“Gypsies are much more than the stereotype makes us out to be …
Gypsies are just like everyone else and we just have a certain way of doing things. While our ways may seem foreign due to our highly secretive nature, we ultimately follow the same values as any other culture:
We are all about family.”
— Bobby Johns
“Gypsy” stereotypes abound. Often portrayed in movies as a swindling, traveling, dirty, hooped-earring woman holding a crystal ball, the reality is very different. The Romani, as they are known historically, have a rich cultural heritage with their own language, education, laws, courts and customs that have remained shrouded in secrecy. They marry almost exclusively within the Romani community, and some groups settle disputes within a Romani court. Children are often home-schooled in the United States. They rarely seek medical or other help from non-Romani. In American Gypsies, National Geographic Channel will document one Romani family — the Johns family of New York— and their effort to preserve age-old customs amid the vices of the city. The Romani people have a long and rich cultural heritage, with great diversity in the practice of traditions. Below is more information on the customs practiced by the Johns family:
Most Romani law is passed down verbally. While there are books, there is no official code of law or constitution.
Some Romani groups have the institution of the kris, an internal court system. The eldest male of each family is the head of that family, and therefore assigned to the kris.
A Romani court can decree that someone is a bolla or an exile from the community, for failure to honour laws and traditions, or some other offense. This is the most severe form of punishment handed out by the kris.
Someone who marries outside of Romani culture can also be labelled a mahrime and exiled.
Traditionally, a Romani man is expected to marry a Romani woman when they are in their late teens.
Typically, the father of the groom will arrange introductions to several potential Romani women and their fathers. But traditionally, dating is strictly forbidden.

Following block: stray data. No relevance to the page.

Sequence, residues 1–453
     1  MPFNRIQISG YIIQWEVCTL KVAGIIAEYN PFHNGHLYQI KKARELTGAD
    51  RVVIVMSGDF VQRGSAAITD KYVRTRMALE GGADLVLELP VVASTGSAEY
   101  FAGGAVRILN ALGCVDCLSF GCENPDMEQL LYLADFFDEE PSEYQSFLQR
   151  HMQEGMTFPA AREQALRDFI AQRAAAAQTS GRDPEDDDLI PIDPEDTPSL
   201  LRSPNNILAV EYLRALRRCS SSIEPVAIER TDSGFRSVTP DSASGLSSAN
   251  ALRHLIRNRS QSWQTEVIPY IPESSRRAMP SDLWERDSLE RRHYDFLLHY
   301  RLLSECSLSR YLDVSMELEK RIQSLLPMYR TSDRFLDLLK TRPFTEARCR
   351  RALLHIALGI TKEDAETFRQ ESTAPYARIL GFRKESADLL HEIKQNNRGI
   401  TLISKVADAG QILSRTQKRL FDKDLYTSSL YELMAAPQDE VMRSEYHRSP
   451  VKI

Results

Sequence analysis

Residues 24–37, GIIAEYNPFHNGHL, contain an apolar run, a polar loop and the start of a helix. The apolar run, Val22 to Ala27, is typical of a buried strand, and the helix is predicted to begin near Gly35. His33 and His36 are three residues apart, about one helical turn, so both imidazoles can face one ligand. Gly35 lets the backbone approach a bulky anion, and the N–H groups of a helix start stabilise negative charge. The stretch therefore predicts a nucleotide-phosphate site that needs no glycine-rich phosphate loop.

Some groups require a bride-price, in which case the fathers of the bride and groom will negotiate to set the price based on the status of the two families, and the standing of the future bride.
After the marriage, the bride usually becomes a part of the groom’s family and lives with his parents.
The bride, now known as a bori, may be expected to work for the groom’s family. In the Johns family, this means working as a psychic.
Gypsy children are traditionally allowed limited access to non-Romani culture as a way to protect them from outside influence. (When Amanda and Vivian Johns, Bobby’s daughters, take an acting class, the whole family is in an uproar.)
Children typically receive just a basic education, and are frequently home schooled. In American Gypsies, we see the struggles of then 12-year-old Vivian, who has trouble reading.
Today, Romani people can be found in nearly any job. More traditional occupations include metal-working, music and dance, and fortune-telling.
In the Johns family, each of the five brothers, including Bobby, has his own psychic shop.
The location and appearance of a psychic shop is very important.
Romani law in New York City mandates that psychic shops must be at least three blocks from each other to decrease competition between stores. A fight ensues in American Gypsies when a competing psychic shop is put up only two and a half blocks from one of the Johns’ shops.
A pakiv is a party thrown in honour of someone. It can be for a godfather, or just someone who is well respected in the community.
A balime is a baptism, involving a ceremony with the godfather, who must wear a red tie and white shirt and purchase a gold coin and cross for his godson.
A pumano is a ceremony that honours the dead. At the feast, the best friend of the deceased wears the same outfit as his buried friend.